CISSP: Development Environment Security Controls

Introduction

Cloud computing and mobile applications are radically changing the way we do business. Enterprises are building applications more rapidly than ever before, often using Agile development processes and then expanding their internal development programs with third-party software and open-source libraries and components that increase the overall threat exposure cumulatively.

An application or software “vulnerability” is fundamentally a flaw, loophole, or weakness in the application that leads it to process critical data insecurely. By exploiting these vulnerabilities, cyber-criminals can gain access to an enterprise system or software and steal confidential data. Most common software vulnerabilities include escalation of privilege, buffer overflow, and input /output validation vectors such as SQL injection, cross-site request forgery (CSRF), and cross-site scripting (XSS).

Securing software and applications are among the major challenges faced by the industry. Still, in the eyes of software developers, security is an impediment and a roadblock to the overall development process.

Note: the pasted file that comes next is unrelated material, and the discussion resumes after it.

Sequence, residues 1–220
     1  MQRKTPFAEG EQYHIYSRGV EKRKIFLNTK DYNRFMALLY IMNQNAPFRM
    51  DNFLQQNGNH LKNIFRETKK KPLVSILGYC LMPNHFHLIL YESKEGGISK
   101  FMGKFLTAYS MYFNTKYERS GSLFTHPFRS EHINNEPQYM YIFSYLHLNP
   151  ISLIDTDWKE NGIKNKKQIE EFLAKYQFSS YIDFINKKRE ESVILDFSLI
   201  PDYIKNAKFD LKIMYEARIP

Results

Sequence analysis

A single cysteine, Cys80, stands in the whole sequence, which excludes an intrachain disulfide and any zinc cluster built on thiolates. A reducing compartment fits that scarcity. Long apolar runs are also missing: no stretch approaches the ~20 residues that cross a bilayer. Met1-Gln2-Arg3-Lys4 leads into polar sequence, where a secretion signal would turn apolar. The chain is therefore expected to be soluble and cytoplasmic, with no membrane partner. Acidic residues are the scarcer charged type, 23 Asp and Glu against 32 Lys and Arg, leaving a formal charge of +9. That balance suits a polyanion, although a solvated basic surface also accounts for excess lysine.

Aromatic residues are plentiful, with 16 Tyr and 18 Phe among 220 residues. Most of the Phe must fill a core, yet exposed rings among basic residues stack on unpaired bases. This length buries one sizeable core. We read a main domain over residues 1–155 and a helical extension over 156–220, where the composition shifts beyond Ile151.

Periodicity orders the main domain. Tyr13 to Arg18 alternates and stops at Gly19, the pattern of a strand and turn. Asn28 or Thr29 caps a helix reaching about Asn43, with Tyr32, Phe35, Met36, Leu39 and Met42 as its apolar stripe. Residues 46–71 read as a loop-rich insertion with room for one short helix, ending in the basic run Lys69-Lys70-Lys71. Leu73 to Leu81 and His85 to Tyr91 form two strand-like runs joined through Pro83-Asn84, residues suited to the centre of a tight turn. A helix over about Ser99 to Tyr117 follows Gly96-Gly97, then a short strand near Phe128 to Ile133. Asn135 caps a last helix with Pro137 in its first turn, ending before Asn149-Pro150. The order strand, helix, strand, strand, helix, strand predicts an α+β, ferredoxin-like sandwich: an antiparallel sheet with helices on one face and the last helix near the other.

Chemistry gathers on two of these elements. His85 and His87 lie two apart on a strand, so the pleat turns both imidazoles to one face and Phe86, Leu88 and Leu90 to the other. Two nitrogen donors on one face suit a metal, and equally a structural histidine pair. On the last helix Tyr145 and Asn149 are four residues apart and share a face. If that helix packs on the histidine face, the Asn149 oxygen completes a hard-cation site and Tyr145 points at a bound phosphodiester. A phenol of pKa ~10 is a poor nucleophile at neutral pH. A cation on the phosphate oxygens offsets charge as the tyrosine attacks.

Every software program or application has its own development lifecycle, which encompasses the following phases: initiation, development or acquisition, implementation, operations, maintenance, and disposal. Collectively, these are called the system development lifecycle (SDLC). Each of the phases has explicit goals and requirements and security has its set of controls to be adhered to and practiced for each stage.

What Is a Security Control?

Security controls are technical and administrative defenses and security measures for countering and minimizing loss or unavailability of services and application that are due to vulnerabilities.

Security controls are referenced generally all the time but are rarely defined. The security controls can be technical or administrative and can be further classified as preventive, detective, or corrective in nature.

  • Preventive controls are used to prevent the threat from coming in contact with the vulnerabilities or loopholes identified within an application or software package.
  • Detective controls are used to (Read more...)

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